We did some great work back then, and I don't think it would've been nearly as good if we hadn't gone for those daily walks. It also had the bonus of both of us missing some boring meeting every once in a while, but because those walks almost always ended up in something good we tended to get away with it.

Having a dog is a great excuse to walk a few miles everyday.

Also, walking a few miles everyday is the best possible thing you can do for your dog.

No one looks at you askance when you say "I have to walk my dog"...

For me, having a brain is a great excuse to walk a few miles everyday. My brain is like a dog: if I don't walk it, it just won't let me sleep.

If I left work midday and said "I have to walk my dog," people would definitely look at me askance.

My work to/from work is 25 minutes. I have a habit of walking rather fast but noticed I often get worked up about some issue that's neither urgent nor very important. Only when I force myself to walk at more leisurely pace I find it refreshing.

I like riding my bike to work because driving puts me in the mindset that I need to get to my destination as fast as possible. Riding the L has a similar effect.

The funny thing is that driving is maybe 10 minutes faster each way, but I'm way more productive when I ride by bike. I doubt I could convince anyone to let me work 20 minutes less a day when I ride though.

As the Romans said, "Solvitur ambulando" (it is solved by walking).

Out of curiosity, what job do you do?

My basic role is analysis and database marketing for a non-profit foundation. I was hired into a new position for them a little over three years ago into a role that was an amalgamation of a bunch of roles from people who had left. They unified these roles into a single role, and split the unrelated work between other people in the organization.

I set the strategy for all of our mailings, run the data, and then analyze the performance. We have 800,000 constituents, and send about 500,000 appeal letters each year, as well as countless emails and other pieces of mail. I've managed to decrease our cost to raise a dollar from about 22 cents to about 6 cents, while improving the overall quality of our appeals, which I'm pretty proud of.

We are a really small organization (<50 employees), so I end up doing a really wide variety of tasks. We have a lot of challenges that larger organizations wouldn't have because of our limited manpower.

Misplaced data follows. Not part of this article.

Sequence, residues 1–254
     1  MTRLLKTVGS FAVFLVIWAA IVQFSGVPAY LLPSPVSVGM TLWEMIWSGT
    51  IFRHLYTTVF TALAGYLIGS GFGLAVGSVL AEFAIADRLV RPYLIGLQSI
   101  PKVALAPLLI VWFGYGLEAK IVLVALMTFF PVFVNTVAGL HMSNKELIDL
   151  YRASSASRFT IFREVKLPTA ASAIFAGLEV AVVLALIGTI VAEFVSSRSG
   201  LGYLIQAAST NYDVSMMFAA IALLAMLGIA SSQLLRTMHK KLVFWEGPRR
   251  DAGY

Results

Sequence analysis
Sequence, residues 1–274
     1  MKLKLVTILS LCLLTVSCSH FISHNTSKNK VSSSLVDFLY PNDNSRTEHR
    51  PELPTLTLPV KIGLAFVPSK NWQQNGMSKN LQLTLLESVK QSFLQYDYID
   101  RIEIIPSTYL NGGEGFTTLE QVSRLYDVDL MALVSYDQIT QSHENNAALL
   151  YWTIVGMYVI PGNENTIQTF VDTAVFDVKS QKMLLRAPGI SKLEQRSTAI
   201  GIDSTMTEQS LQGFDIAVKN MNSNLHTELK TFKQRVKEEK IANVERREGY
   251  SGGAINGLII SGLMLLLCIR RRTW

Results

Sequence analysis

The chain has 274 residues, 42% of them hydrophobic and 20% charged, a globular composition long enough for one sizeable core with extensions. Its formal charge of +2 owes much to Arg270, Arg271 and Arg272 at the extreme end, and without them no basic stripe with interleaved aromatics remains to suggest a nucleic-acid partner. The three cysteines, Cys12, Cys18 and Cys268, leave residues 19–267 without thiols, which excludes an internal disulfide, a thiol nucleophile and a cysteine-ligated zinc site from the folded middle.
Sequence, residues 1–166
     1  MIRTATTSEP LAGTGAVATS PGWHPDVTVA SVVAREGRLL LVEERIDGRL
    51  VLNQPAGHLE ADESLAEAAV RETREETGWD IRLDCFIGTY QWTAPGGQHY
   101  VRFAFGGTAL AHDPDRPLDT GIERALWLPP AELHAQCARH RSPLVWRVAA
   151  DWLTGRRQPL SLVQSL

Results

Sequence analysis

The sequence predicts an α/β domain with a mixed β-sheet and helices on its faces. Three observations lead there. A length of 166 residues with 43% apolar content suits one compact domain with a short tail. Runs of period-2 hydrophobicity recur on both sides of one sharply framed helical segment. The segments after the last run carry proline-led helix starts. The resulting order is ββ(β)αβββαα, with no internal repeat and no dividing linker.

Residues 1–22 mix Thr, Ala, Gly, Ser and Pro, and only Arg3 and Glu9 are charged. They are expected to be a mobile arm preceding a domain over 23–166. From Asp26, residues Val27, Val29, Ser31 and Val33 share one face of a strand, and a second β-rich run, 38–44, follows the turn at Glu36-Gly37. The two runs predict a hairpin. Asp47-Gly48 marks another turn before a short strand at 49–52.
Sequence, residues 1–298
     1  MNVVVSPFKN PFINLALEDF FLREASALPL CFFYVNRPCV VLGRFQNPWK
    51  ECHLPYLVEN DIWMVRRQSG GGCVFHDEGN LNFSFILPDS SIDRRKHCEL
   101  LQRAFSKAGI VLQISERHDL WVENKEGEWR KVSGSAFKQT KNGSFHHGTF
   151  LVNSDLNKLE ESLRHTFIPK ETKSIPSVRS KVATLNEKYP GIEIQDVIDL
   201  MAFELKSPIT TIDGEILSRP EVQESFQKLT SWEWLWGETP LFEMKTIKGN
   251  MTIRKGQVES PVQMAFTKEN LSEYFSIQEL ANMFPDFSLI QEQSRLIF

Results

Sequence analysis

Since nobody had really taken a holistic look at their data before me, I spent the first year cleaning up all of their existing data and automating almost every processes I could get my hands on. I used to spend 3 weeks of every month running recurring processes, and I cut that down to about 15 minutes a week.

After that first year my manager left. At this time the Director asked me to come work directly under him because he felt that none of the other managers understood my role well enough to manage me. This allowed me to focus more on the analysis and marketing side of my role.

As time has gone on I've been asked to create more processes for speeding up other people's work. I'm not an application designer, and I recognize that the processes I'm creating are pretty fragile. This wasn't a problem when I was automating my own processes, because if they broke I could fix them. Now there are a bunch of people using processes that only I can fix, which makes it very hard to take a vacation or a sick day. This causes me a lot of stress, which is a key reason why my walks have been trending longer.

I'm basically somewhere in the middle of the graph from the XKCD comic Automation[1]. I'm starting to look for a new job before fixing broken automation steals the time I need to make a resume (or do the part of my job I really enjoy).

So long story short, I basically do anything involving the data or programming for a small-to-mid-size non-profit organization.

[1] https://xkcd.com/1319/

>> I don't mean that in a spiritual way, I just mean it helps clear out the useless thoughts and gives you a way to center yourself.

You don't mean it in a spiritual way, but meditation helps you with become more spirited?

Or did you mean to use "religious" instead of "spiritual"?

I'm also curious to know what you do.

I responded to the other comment. It basically boils down to "data/marketing for a NPO."